I thought I’d take my own advice and get out in nature this morning, so I made up a project to see how many different vines I could see along the fence in front of and beside the ranch house.
It hadn’t gotten stifling hot yet, so Vlassic and I set off. I knew a lot of what I’d see, but figured I’d find at least seven different vines.
I actually ended up with 12! At least I hope so. Most weren’t blooming, but I recognized them. The white morning glory had closed up and I couldn’t get to the flowers to photograph.
I was especially glad to see passion vines in more than one place, because I’d worried the poison ivy had crowded it out.
Also I was glad to confirm that we have sorrel vine here, since the Master Naturalist who lives not far from here has a lot of it.
Otherwise, it’s the usual prickly, rash-inducing, invasive and/or pretty plants.
Of course I had to snap a few other pretty sights. Plus, there’s action around the hen house. There’s a new spider building a web right in front of where I get the eggs from. Luckily I have another way to get eggs.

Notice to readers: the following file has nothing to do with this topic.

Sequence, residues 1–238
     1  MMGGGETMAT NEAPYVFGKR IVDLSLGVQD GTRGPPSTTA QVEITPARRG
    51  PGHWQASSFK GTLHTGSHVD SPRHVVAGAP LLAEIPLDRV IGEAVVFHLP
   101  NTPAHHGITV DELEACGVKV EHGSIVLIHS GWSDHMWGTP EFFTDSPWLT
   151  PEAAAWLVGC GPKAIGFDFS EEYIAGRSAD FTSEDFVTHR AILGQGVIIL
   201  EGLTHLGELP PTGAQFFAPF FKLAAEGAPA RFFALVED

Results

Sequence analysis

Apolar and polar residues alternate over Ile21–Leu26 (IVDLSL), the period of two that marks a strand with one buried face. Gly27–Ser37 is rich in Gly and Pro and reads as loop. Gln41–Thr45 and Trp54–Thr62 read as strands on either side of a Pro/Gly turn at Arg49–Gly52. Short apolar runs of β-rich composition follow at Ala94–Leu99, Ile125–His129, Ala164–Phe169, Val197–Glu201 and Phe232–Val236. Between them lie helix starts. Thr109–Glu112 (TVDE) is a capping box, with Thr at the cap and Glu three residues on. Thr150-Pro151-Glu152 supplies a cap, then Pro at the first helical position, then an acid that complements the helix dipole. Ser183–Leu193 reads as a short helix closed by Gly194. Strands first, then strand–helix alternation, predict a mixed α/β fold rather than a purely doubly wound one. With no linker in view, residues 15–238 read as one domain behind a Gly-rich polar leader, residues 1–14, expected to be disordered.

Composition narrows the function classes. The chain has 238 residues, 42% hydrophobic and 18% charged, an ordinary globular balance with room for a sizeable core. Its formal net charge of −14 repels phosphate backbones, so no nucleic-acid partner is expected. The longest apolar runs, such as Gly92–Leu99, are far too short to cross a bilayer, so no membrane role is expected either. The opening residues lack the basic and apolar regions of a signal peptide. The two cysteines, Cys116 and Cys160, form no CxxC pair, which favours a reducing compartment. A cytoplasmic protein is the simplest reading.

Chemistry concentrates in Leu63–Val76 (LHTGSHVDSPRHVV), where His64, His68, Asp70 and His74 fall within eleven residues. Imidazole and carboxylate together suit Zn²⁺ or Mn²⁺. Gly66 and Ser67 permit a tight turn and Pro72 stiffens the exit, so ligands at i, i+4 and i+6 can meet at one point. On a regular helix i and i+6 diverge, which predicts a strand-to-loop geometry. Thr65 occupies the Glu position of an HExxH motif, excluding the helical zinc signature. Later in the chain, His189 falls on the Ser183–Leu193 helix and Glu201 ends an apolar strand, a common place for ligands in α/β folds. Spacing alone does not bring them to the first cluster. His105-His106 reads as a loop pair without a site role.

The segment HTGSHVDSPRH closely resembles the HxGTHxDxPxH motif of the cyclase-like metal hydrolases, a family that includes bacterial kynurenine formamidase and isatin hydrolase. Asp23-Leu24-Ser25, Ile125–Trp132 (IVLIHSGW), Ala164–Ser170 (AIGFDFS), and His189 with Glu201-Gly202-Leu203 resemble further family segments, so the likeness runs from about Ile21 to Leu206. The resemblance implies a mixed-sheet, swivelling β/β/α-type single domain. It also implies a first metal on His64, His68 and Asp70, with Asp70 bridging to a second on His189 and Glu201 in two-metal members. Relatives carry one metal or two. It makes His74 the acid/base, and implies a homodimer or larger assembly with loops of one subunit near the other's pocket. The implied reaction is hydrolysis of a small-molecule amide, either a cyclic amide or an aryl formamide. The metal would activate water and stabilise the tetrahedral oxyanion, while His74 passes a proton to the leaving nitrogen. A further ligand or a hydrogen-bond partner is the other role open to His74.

And Chris put a live trap by the chicken run. We need to stop whatever took almost all the guineas and a hen! Hopefully, once it cools off, he will come up with more safety measures.
We do have a much more elaborate water system, though, since the other one was trying to make the hoses explode. Chris used new water hose/pipe and fittings to make a safer temporary setup until we make the fancy underground one. It’s also too hot to safely dig the trench for that.
At least the dogs are happy we’re inside all day. 102 is too hot for any of our outdoor projects! Happy July.